Toronto comic ready to bring laughs back to music festivals
Field Trip has booked a number of local comics, including K. Trevor Wilson, to perform this month
Comedy and music — they go together like peaches and cream. Don’t they? This month’s Field Trip music festival in Toronto, June 3 to 4, is bringing comedy back to the music environment, including the “man mountain of comedy,” K. Trevor Wilson.
It’s been a while since comedy was paired with music in a festival setting. And although his Field Trip performance may be a tough one, if anyone can pull it off, it’s Wilson.
The Toronto comic is having a hot moment right now costarring in the breakout hit Letterkenny. Wilson is one funny dude who is blessed with a beautifully mellifluous voice that augments his solid stage presence.
I asked him how performing at Field Trip might differ from a regular club gig.
“I think with music you don’t have to be as invested in what you’re listening to in order to enjoy it, whereas comedy, to be effective, needs your full attention,” he says.
“I haven’t formally been asked to clean up my act or censor myself in any way, but knowing it is an event open to families, I’m going to choose my material accordingly.”
Wilson’s career ascendancy has been evidenced by his many awards, including winning Best Male Stand-Up at the Canadian Comedy Awards in 2015.
He is currently the spokesperson for the Moose Knuckles clothing line, and in spite of the name of his comedy album, SexCop FirePenis, he remains a relatively clean act.
He’ll be at Just For Laughs this year in Montreal (and I suspect in Toronto, too), and you can still catch him at various road gigs.
There was an era when comics were more likely to be seen in music venues, especially jazz joints in the West Village of N.Y.C. or the blues clubs of Chicago.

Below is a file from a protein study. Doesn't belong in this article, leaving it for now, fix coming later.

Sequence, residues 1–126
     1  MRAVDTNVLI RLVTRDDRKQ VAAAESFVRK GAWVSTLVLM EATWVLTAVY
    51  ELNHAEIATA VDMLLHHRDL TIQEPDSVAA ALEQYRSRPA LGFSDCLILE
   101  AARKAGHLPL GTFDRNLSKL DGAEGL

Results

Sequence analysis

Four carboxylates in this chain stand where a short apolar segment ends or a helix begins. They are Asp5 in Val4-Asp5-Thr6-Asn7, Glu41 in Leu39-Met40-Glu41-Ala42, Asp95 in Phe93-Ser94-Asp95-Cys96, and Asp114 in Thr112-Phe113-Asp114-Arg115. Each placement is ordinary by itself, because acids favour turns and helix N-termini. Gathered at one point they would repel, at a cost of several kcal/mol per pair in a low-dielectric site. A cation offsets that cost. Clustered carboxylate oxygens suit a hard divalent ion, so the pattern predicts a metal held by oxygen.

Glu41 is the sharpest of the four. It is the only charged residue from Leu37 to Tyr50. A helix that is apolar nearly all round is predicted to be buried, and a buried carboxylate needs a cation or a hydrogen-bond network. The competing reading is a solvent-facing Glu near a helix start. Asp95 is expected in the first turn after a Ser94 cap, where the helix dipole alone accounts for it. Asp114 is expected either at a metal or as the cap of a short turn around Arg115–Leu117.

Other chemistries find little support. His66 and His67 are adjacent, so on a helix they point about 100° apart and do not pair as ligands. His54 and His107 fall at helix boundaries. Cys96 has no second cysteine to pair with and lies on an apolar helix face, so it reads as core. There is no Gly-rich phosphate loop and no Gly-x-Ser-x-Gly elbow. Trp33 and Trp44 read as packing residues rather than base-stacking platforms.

A lot of comedians made their name by opening for musical greats, but the experiment went awry just as often. How about the legendary pairing of Milton Berle and Neil Sedaka? Howie Mandel was booed off the stage in 1978 opening for Earth Wind and Fire at Maple Leaf Gardens.
Some years later, rock festivals started giving comics a space to perform, which coincided with the rise of “alternative” comedy. Nowhere did this work better than at South by Southwest, in Austin, Texas.
Comics such as Patton Oswalt, Sarah Silverman, Andy Kindler, and Anthony Jeselnik gained huge cult followings from their appearances SXSW, and comics fought hard to get booked into the festival.
Here in Toronto, Canadian Music Week tried to include comedy in its programming, including a concert with Tracy Morgan, but the marriage never really worked. North by Northeast, our local version of SXSW, had comics performing all over the city, with reasonable promotion, but the concept stalled and the idea was abandoned.
Field Trip is attempting to buck the trend. Local comics such as Nick Reynoldson, Deanne Smith, Arthur Simeon and Wilson have been booked to perform in the Laugh Barracks, an indoor venue at an outdoor festival.
This may give the comics a fighting chance.
Toronto’s K. Trevor Wilson in comedy hit ‘Letterkenny’